Nicolai khalezin and Natalia Kaliada founded Belarus Free Theater.

Belarus theater company flees amid opposition crackdown 

Belarus Free Theater has staged provocative plays highlighting political corruption and the effects of authoritarianism for 16 years. Now, all its members are leaving Belarus, saying it’s no longer safe for them. 

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Nicolai khalezin and Natalia Kaliada founded Belarus Free Theater. 

Courtesy of Belarus Free Theater/Marilyn Kingwill 

Svetlana Sugako, managing director of Belarus Free Theater, fled to London in October. Sugako is one of 16 members of the theater company now in exile in the UK along with nine other family members. 

The actors and staff began leaving Belarus early this year after years of harassment and persecution. For 16 years, the theater has staged plays that highlight social injustice and government corruption in the country. 

Related: 'We cannot close the door or turn the page': Belarusian dissidents in Lithuania fear Lukashenko's crackdown

Cast members of "Dogs of Europe" in rehearsal.

Cast members of "Dogs of Europe" in rehearsal. 

Credit:

Courtesy of Belarus Free Theater/Kolia Kuprich

In 2010, the group was banned by the Belarusian regime, making it the only theater company to be outlawed in Europe on political grounds. 

Several members of the theater troupe have been arrested over the years including Sugako, who was detained with her friend last August on the day of the Belarusian general election. 

“We were sitting on a bench near the polling station and that’s it, that’s everything, that’s all we were doing. Just sitting and waiting.”

Sugako said the police arrested them without any explanation and threw them into the back of a police van. They were taken to a prison on the outskirts of the Belarusian capital Minsk and held in a four-person cell with 34 others. The prison guards refused to give them anything for three days, she said.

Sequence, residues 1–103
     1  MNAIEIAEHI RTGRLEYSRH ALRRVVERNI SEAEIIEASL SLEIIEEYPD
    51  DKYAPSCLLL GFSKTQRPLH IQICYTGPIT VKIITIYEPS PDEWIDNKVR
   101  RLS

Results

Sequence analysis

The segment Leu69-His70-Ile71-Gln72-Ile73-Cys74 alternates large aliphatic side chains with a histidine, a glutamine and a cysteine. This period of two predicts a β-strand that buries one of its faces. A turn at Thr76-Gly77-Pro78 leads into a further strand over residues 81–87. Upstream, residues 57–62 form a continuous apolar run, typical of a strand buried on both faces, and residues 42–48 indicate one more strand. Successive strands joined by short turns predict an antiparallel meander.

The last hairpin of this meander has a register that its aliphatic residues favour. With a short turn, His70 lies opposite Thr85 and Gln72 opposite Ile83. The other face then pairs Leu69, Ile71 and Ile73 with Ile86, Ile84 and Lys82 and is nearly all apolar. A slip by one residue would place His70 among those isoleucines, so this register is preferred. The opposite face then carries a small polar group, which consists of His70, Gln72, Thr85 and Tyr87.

Related: Belarus opposition figure detained after flight diverted

“We were without any food or water or even air because there were so many people in the cell. It was so hard.” 

Sugako was held for five days, which she describes as "five days in hell." Over 35,000 people were arrested over those few days as thousands protested the election result on the streets of the capital. 

Belarusian President Alexander Lukashenko, who has been in power for almost three decades, claimed a landslide victory at the polls. The opposition said the election was rigged

The protests were the largest ever seen in the country’s history. Sugako said it isn’t fear of being rearrested that has led her to flee Belarus but the realization that once in prison — her voice would be silenced.

Nicolai Khalezin and Natalia Kaliada, founders of Belarus Free Theater.

Nicolai Khalezin and Natalia Kaliada, founders of Belarus Free Theater. 

Credit:

Courtesy of Belarus Free Theater 

Natalia Kaliada, who founded the theater group with her husband, Nicolai Khalezin, in 2005, said what their company has experienced recently is nothing new.